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Water: Water Quality Standards Academy

Getting Started: Prioritizing Chemicals for Criteria Development

Aquatic Life Criteria

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Basic Course: Supplemental Topics


EPA follows an established, risk-based process for determining which chemicals should be given priority for developing aquatic life criteria. The process involves identifying candidate chemicals, assessing the availability of data, and then ranking the chemicals based on risk. Essentially the same process is used for selecting chemicals with criteria that are due for reevaluation.

To identify candidate chemicals, the Agency solicits and reviews suggestions from EPA Regions, States, Tribes, and stakeholders. EPA then compiles a list of chemicals that have been proposed by two or more of these submitters.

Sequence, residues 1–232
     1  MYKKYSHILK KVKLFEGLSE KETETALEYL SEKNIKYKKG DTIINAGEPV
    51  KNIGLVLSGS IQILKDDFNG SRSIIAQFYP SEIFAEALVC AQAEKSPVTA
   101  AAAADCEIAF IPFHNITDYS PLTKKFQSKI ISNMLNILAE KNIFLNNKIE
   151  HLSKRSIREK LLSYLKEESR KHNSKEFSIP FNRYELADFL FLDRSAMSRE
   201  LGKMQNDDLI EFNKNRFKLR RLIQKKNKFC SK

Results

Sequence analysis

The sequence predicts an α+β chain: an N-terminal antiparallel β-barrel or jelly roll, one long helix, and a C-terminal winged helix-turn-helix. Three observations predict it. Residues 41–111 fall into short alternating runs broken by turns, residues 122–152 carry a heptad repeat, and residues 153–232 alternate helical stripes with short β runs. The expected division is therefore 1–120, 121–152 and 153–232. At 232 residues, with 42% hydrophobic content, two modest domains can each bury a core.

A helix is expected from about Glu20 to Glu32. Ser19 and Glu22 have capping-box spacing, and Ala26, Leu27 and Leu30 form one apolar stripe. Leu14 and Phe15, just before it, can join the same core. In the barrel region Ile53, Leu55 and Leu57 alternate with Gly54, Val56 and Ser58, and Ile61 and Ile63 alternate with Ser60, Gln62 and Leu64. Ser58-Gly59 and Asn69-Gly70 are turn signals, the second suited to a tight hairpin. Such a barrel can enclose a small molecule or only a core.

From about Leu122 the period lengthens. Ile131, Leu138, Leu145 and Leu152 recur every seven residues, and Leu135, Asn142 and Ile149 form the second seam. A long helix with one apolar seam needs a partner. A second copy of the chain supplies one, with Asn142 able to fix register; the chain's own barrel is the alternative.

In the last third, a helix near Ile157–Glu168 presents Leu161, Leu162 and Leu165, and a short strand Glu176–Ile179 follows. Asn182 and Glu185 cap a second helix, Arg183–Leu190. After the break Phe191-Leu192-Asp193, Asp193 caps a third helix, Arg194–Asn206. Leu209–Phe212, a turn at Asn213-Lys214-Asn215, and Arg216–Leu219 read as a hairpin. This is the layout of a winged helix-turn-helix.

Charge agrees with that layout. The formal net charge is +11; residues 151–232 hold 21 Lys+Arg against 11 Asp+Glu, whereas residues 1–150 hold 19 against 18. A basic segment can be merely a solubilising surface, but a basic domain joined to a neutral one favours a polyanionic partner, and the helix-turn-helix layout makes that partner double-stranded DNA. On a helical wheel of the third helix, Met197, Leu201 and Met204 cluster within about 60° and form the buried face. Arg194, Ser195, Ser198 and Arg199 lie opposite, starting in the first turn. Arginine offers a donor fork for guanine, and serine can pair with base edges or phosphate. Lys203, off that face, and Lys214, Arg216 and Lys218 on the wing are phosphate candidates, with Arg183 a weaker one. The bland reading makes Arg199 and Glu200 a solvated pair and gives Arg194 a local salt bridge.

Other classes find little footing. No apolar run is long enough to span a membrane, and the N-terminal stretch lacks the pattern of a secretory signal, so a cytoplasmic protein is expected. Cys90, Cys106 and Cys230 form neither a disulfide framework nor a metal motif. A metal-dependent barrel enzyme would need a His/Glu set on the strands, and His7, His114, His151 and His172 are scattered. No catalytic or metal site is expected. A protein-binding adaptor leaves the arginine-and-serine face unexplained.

Next, EPA narrows down the list based on the availability of toxicity data. At a minimum, the 1985 Guidelines call for acute data on eight families and chronic data on three species (i.e., for chronic, at least need acute-chronic studies from which the chronic criterion can be derived as a ratio of the final acute value).

The chemicals with the necessary data are then scored and ranked according to risk based on:

  • Occurrence. Frequency at which a chemical is found in ambient water and/or fish tissue.
  • Toxicity. Relative potential to have an adverse effect on aquatic life.

For informational purposes only–Not official statements of EPA policy.

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